Independent School Fees: VAT

Part of the debate – in Westminster Hall at 4:50 pm on 21 February 2024.

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Photo of Munira Wilson Munira Wilson Liberal Democrat Spokesperson (Education) 4:50, 21 February 2024

Thank you very much, Mr Henderson; it is a pleasure to serve under your chairmanship. I congratulate Andrew Lewer on securing this debate.

My Liberal Democrat colleagues and I aspire to a scenario in which the offering in all our state schools is so high—so superior—that parents do not feel compelled to send their children to the independent sector. It would be an education system that enables every individual, no matter their background or their needs, to flourish, succeed and fulfil their potential, wherever they are educated. But as liberals, we are also a party that has always championed choice, and it is important that parents are able to choose where their children are educated, and independent schools should always be one of those choices.

Let me be clear: we do not support ending the VAT exemption for independent schools, for the very simple reason that we do not support taxing education. As we have already heard, all education provided by an eligible body, including university education, music lessons and tutoring sessions, are exempt from VAT, and we would not want VAT or any other tax to be charged on any of these things. However, there needs to be a quid pro quo. Independent schools should give back to their local community, in order to retain that right; and, as we have heard, many already do. There are many excellent examples of collaborative work around the country. In my own constituency, Hampton School and Lady Eleanor Holles School have an exemplary partnership with Reach Academy in Feltham, sharing staff time, and mentoring and coaching of pupils for medical school and other university places. The relationship is about partnership and sharing not just swimming pools and theatre spaces but, as I have said, specialist teachers and specialist facilities.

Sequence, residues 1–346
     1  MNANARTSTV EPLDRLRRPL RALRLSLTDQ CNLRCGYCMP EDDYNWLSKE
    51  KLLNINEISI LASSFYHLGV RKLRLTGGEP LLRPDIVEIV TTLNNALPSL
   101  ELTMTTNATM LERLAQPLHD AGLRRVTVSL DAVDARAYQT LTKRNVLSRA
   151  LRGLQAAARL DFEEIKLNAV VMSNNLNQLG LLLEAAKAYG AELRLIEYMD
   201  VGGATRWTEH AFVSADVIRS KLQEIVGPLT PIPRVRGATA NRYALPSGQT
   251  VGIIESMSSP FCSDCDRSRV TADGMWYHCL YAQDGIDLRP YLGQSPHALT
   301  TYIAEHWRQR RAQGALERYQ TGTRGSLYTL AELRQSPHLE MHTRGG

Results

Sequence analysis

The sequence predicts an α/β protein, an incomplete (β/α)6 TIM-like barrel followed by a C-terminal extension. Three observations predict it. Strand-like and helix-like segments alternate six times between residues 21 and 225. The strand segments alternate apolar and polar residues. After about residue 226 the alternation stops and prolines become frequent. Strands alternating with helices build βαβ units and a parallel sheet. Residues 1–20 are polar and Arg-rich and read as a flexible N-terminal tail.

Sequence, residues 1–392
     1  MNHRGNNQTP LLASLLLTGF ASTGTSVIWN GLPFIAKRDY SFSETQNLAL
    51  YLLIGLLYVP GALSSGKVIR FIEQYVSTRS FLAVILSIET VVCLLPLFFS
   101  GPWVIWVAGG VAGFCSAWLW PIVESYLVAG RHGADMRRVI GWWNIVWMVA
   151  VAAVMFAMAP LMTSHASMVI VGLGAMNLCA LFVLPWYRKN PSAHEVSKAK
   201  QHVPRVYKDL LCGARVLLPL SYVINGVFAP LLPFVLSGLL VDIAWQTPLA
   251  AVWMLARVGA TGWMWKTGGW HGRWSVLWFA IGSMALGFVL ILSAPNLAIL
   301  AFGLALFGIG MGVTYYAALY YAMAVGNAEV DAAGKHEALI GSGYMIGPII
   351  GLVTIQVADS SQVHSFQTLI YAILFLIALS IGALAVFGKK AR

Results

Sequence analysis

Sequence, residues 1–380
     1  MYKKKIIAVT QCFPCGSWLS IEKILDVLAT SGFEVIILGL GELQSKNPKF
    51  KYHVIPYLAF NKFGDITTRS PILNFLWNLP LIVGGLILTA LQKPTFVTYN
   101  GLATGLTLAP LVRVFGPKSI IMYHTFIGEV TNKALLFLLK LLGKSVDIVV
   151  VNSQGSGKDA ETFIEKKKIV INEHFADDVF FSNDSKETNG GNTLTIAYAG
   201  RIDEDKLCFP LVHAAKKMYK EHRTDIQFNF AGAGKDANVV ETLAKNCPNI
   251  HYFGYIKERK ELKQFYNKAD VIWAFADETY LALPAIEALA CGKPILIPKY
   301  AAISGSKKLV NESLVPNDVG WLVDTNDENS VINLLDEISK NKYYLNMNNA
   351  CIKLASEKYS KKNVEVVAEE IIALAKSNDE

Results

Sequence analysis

That sort of ingrained partnership work benefits both the state sector and the independent sector, and it needs to become the norm for all. Removing the VAT exemption from independent schools would reduce partnership work and also hit parents who have felt that, for whatever reason, the state sector cannot meet their children’s needs, especially if they have additional needs but do not have an EHCP. I know of many examples of parents who have scrimped and saved, or used a little bit of inheritance that they may have had from their own parents, to send their child, who is not thriving in a state school, to the independent sector, where they are able to thrive. As we have heard, many independent schools are not the Etons, the Winchesters or the Harrows; many are small schools with fewer than 400 pupils.

We should all aspire to make the best investment we can in education and to make every school as good as possible. Taxing education is not the way to achieve that goal.